Fifty-four of my writing sessions have associated word counts. That means I wrote approximately 2,128 words/session — only a tiny dip from last year. Both my session length and my average word count are pretty steady now. I have a consistent process in place that seems to serve me well. It’s possible I’ll find a way to level that up in the future, but it is pretty effective as-is.
So what did I work on? Last year, I actually worked on three different projects: finalizing BBB&S (a mere eight sessions), starting what I hope will be my next project (eleven sessions), and the rest was all spent on re-drafting the BBB&S sequel.
I qualified that as re-drafting, by the way, because if you look at last year’s roundup, you’ll see that I wrote a complete draft of book two in 2015, and then in November decided that the draft was too flawed to revise. Instead, I spent most of December outlining a better second book, and started writing it over the holidays. That’s the book that occupied most of last year.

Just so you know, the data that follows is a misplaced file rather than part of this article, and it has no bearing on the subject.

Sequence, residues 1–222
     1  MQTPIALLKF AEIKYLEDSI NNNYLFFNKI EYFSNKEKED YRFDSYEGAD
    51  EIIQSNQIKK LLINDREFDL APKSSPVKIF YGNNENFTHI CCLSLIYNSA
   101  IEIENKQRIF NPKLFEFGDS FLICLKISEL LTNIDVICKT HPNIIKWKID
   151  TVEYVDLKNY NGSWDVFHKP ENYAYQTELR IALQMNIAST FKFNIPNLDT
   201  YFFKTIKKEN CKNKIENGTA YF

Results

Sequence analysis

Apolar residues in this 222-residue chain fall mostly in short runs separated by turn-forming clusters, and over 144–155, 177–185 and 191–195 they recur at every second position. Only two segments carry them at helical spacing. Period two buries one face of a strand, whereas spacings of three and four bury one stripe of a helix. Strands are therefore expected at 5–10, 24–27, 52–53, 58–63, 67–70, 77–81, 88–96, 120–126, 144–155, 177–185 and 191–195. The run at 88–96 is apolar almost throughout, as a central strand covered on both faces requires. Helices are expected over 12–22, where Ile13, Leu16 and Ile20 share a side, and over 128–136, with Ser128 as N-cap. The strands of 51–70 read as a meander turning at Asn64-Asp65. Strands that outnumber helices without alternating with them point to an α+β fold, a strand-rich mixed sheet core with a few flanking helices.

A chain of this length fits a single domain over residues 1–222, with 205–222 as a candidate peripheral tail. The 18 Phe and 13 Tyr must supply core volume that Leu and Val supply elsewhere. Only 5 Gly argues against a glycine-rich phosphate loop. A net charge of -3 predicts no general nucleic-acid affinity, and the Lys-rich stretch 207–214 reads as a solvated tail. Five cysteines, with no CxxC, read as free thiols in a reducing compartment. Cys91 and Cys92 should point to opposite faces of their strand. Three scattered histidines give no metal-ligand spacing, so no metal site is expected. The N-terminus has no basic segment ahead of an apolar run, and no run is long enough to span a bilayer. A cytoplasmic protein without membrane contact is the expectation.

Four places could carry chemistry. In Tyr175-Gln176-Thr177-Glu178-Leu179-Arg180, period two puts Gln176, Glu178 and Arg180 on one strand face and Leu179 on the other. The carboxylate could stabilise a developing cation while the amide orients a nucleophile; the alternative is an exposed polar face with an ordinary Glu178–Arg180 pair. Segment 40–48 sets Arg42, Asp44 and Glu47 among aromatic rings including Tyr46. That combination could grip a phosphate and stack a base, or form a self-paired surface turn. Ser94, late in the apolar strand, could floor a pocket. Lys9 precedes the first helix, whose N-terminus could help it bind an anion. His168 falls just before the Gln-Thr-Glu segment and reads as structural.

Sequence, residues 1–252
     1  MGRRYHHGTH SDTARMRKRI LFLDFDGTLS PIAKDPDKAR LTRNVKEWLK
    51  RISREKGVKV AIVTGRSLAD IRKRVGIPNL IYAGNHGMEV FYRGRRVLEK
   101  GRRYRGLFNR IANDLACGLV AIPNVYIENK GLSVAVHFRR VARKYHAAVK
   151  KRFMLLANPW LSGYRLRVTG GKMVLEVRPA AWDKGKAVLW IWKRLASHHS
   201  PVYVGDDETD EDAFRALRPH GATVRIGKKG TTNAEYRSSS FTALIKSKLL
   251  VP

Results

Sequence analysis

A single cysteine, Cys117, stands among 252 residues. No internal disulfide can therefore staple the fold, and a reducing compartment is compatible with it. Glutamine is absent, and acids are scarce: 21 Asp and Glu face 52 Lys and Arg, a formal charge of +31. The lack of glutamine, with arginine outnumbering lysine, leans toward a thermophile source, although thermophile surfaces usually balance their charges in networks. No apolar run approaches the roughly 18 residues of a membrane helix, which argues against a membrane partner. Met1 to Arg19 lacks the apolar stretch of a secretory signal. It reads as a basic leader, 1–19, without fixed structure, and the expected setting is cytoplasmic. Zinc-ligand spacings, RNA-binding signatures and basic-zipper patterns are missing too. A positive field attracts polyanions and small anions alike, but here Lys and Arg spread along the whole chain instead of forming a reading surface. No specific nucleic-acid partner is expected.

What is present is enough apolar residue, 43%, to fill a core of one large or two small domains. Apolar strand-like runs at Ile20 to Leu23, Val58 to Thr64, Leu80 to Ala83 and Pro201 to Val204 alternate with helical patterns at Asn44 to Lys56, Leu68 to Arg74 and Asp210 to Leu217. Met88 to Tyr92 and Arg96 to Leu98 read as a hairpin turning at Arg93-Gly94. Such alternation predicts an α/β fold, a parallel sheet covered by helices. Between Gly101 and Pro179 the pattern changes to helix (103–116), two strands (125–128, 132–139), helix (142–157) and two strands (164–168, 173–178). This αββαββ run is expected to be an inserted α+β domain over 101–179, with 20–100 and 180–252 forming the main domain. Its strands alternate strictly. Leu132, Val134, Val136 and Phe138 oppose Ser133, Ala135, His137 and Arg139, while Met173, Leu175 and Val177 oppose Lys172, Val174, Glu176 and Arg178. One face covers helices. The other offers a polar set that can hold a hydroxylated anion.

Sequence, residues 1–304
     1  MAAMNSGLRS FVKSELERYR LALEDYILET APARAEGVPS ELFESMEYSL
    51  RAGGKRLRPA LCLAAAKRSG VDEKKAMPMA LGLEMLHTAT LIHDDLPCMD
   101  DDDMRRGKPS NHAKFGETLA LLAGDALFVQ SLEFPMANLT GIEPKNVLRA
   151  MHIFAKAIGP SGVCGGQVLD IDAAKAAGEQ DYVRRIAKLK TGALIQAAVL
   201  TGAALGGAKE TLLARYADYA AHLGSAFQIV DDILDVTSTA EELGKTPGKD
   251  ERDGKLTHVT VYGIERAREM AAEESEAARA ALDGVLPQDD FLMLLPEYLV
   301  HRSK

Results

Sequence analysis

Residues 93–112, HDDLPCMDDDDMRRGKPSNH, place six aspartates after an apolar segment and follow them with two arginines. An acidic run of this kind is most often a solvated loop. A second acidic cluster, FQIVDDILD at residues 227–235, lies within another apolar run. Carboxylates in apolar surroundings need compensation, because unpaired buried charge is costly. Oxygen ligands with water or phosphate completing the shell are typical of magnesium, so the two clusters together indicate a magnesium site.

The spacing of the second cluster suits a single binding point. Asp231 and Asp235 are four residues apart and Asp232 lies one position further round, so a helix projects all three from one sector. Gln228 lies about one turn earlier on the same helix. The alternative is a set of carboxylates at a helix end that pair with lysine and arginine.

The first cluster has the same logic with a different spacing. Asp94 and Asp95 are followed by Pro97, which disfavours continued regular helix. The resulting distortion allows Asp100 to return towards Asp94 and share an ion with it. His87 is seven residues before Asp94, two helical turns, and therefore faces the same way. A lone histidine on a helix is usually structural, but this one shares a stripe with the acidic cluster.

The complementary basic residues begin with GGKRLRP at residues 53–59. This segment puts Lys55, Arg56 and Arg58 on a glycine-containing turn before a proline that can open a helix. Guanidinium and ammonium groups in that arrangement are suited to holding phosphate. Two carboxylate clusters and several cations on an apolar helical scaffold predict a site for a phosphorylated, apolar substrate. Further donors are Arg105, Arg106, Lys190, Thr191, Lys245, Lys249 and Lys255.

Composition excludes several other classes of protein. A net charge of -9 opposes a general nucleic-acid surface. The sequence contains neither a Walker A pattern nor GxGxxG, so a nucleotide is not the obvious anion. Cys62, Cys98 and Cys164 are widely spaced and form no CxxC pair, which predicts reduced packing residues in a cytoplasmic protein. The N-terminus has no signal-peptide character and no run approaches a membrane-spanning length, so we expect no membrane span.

I started that re-draft on 12/20/2015, and completed it on 4/3/2016. It clocked in at over 90,000 words, almost 20k longer than the first version (and 10k longer than BBB&S). My massive revision to it took all of June and most of July. I was then entirely done and ready to send it in, making my deadline (yay!), when I had a great idea. It would really smooth out one of the rockier aspects of the book. But it would also involve tearing out an entire subplot — roughly a quarter of the book — and rewriting it. But it was worth it. That revision took another month, wrapping up in late August.
After that, well… there’s nothing on my tracking document for quite awhile. I didn’t begin my newest project until late November. And that span — September, October, most of November — is the longest I have gone without some kind of writing project since before I started tracking. My guess is, honestly, since 2012 or so, when I began working consistently on the book that eventually became BBB&S. (I had non-workable previous versions of it I’d been poking at on and off since 2009 or so, but that was when I got serious.)
So, what was with the break?